Dems’ payroll plan picks up Romney’s support

As part of his overly-cautious, don’t-upset-any-constituencies style, Mitt Romney has balked at taking a position on all kinds of contentious issues. Near the top of the list is the Democratic plan to extend the payroll tax in 2012.

Romney’s vacillation is almost understandable. On the one hand, he doesn’t want to endorse a tax increase. On the other, he doesn’t want to endorse part of President Obama’s economic agenda. Romney ended up dancing around the issue for months — reinforcing concerns about his inability to hold any convictions at all — before finally dismissing the White House’s proposal. “I don’t like temporary little Band-Aids,” he said at a debate in October.

Yesterday, the former governor decided he’s better off flip-flopping than endorsing a middle-class tax hike.

On Monday, Mitt Romney embraced one of President Obama’s signature proposals — another one-year extension of a cut in payroll taxes, after just weeks ago deriding the idea as “little Band-Aids” that offered only a temporary fix.

“I would like to see the payroll tax cut extended just because I know that working families are really feeling the pinch right now — middle-class Americans are having a hard time,” Mr. Romney said Monday on Michael Medved’s conservative radio talk show.

Hmm. So, let’s see. First, Romney sort of endorsed the payroll tax break. Then he dismissed it. Then his campaign no longer wanted to talk about. Then he announced his support for it.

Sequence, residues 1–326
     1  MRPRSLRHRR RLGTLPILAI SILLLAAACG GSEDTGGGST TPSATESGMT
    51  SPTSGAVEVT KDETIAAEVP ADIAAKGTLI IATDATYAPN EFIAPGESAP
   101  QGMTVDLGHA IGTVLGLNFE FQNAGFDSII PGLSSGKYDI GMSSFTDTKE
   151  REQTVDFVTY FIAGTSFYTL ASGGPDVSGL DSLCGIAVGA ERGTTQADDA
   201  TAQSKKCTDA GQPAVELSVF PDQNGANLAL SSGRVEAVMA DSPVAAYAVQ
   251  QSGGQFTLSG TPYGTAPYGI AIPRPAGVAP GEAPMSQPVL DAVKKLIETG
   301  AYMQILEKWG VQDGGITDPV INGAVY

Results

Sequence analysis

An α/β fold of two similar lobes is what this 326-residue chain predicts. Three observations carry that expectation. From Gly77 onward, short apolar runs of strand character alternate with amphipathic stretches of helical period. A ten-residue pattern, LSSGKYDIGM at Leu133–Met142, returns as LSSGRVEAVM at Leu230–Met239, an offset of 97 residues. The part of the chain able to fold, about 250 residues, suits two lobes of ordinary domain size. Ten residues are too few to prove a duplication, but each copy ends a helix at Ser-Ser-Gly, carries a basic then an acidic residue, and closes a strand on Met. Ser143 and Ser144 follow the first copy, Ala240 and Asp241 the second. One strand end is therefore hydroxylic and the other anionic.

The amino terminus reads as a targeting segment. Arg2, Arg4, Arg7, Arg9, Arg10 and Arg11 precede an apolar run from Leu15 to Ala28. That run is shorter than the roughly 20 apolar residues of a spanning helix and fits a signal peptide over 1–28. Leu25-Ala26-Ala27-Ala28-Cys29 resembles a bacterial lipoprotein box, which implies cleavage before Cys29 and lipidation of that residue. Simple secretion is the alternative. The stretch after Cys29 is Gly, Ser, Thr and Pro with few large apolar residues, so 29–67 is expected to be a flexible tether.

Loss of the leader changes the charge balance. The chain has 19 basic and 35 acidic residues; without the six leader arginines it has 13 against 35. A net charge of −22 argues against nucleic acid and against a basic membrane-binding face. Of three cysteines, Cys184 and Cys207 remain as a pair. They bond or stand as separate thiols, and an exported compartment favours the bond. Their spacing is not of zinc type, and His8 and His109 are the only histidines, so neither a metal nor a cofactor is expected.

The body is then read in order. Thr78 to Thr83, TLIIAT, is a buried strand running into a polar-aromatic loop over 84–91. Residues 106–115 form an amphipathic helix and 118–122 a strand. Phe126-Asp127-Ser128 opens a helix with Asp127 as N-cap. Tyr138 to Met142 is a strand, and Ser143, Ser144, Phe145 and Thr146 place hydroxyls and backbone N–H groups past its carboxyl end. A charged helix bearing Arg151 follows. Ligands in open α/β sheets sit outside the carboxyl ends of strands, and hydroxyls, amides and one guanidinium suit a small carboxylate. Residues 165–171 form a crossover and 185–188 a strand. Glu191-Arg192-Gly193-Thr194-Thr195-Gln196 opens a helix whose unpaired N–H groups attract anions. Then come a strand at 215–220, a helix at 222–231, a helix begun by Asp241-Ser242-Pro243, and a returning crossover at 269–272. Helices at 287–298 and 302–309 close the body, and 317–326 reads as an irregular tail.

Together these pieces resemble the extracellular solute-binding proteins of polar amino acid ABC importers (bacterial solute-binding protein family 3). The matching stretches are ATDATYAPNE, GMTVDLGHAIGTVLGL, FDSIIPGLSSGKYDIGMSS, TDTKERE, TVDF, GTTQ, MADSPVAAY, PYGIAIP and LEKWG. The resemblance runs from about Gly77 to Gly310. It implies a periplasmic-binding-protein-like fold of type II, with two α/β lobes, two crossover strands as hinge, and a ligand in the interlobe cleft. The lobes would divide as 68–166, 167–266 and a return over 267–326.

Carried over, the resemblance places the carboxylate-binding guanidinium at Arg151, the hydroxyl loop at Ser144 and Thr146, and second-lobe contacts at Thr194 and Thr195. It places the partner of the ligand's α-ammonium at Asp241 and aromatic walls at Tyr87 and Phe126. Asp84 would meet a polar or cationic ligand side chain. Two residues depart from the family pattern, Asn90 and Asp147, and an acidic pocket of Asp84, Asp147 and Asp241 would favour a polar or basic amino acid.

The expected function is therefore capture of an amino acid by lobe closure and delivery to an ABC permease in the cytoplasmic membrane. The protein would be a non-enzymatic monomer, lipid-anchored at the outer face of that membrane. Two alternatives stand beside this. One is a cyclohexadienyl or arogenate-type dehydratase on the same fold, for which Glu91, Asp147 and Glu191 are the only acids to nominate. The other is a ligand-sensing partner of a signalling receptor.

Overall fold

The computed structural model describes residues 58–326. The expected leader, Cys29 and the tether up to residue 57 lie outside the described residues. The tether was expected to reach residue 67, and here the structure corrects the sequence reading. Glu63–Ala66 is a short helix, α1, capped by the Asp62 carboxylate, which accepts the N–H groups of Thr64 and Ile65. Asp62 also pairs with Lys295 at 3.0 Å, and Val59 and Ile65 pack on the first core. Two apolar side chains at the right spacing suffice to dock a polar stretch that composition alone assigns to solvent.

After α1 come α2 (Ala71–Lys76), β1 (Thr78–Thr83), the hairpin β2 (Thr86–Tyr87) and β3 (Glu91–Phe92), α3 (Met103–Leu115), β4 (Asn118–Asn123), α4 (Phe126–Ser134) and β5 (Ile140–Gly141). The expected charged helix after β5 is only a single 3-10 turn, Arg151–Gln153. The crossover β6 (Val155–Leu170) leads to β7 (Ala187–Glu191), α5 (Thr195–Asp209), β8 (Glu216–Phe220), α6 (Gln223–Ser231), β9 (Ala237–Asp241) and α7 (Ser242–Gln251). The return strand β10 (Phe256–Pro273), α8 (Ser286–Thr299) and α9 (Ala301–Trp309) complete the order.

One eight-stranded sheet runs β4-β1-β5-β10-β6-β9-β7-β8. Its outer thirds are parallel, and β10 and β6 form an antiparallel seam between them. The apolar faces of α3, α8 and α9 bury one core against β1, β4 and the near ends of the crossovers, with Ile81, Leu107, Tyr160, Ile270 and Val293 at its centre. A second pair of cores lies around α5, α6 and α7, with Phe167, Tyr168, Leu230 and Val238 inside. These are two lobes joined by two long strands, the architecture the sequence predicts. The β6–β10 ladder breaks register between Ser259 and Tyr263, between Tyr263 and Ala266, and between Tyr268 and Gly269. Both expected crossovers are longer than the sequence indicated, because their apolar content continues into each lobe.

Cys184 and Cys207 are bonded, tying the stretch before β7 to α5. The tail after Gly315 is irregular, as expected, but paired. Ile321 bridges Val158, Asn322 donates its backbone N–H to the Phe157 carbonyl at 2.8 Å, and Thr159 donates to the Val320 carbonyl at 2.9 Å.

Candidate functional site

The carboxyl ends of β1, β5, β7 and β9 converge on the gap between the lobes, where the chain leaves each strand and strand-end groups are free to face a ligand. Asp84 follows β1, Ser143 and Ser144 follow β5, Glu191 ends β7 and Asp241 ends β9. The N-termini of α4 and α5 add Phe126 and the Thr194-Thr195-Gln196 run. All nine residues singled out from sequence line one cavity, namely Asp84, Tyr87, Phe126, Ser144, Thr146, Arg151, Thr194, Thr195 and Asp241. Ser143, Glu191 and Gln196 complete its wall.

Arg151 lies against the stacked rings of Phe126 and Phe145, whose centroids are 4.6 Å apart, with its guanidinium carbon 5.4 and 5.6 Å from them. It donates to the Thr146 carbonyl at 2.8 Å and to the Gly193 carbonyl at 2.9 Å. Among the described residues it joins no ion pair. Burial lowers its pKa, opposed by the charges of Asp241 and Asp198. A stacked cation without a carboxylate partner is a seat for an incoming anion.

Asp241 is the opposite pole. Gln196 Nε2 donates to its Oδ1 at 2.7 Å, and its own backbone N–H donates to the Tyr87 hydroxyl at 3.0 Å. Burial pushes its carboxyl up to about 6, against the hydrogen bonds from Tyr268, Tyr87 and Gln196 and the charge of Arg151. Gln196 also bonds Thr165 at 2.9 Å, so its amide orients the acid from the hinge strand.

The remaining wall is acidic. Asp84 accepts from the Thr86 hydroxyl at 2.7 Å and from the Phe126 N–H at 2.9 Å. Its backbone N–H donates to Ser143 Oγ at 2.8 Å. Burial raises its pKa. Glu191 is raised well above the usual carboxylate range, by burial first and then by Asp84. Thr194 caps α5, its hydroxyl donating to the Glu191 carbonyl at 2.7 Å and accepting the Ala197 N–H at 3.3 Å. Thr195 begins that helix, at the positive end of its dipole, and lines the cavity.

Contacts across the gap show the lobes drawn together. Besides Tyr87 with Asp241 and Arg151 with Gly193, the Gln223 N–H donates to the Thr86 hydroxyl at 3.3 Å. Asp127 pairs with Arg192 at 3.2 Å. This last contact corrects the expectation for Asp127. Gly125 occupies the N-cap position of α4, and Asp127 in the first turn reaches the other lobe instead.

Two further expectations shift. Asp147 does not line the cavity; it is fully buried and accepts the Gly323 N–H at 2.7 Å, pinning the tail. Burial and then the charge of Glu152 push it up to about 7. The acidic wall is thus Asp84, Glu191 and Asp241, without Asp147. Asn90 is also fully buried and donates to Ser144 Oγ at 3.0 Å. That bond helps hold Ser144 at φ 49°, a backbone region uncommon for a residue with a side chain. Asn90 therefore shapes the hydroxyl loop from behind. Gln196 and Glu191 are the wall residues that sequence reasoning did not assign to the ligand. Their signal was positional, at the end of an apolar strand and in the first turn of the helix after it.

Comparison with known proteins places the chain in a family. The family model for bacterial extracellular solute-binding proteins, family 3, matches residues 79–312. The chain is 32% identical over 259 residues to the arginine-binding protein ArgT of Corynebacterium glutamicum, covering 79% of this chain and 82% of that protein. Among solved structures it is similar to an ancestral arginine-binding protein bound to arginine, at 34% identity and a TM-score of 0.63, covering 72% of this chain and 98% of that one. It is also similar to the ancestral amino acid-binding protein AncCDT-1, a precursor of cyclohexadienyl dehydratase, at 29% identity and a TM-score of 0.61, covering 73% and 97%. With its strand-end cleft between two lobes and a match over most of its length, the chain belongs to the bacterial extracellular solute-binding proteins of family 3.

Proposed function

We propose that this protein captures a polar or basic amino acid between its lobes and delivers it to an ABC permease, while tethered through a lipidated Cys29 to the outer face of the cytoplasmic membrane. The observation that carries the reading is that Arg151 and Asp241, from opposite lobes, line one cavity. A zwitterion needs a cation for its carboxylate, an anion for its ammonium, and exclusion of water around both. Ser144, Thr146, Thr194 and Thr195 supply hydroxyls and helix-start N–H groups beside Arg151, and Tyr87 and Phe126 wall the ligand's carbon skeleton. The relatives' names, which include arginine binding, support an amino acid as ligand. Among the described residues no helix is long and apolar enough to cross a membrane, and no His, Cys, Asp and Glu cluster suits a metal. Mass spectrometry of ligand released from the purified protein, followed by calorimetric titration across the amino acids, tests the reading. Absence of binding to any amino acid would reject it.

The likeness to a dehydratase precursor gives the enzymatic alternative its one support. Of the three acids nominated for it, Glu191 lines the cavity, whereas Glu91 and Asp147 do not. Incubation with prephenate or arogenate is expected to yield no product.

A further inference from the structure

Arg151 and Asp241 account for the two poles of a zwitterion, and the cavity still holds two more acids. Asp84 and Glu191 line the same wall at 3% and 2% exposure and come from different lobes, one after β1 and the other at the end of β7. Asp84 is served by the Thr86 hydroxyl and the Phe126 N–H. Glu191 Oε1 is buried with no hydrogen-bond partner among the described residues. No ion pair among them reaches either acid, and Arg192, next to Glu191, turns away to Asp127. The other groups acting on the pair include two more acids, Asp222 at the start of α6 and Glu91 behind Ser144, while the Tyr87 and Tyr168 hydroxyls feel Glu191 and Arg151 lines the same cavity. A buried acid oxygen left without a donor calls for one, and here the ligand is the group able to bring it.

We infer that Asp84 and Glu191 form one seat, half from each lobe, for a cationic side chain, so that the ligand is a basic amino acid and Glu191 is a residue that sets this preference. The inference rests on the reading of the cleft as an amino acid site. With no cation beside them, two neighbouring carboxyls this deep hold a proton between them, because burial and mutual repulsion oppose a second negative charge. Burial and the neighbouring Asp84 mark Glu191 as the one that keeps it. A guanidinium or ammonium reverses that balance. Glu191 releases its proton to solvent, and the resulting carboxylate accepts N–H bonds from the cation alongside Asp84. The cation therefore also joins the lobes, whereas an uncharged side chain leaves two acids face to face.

Romney must realize that there’s a perception — based on voluminous evidence — that he’s a cowardly, unprincipled hack with no core beliefs who’ll shift with the political winds. And yet, the Republican presidential hopeful keeps offering proof that the criticisms are accurate.

As for the larger context, it’s worth noting that Romney joins Newt Gingrich in supporting Obama’s proposed extension of the tax break. This leaves us with an important realization: congressional Republicans balking at the tax cut are now even further to the right than both of their own party’s leading presidential candidates.

Support Nonprofit Journalism

If you enjoyed this article, consider making a donation to help us produce more like it. The Washington Monthly was founded in 1969 to tell the stories of how government really works—and how to make it work better. Fifty years later, the need for incisive analysis and new, progressive policy ideas is clearer than ever. As a nonprofit, we rely on support from readers like you.

Yes, I’ll make a donation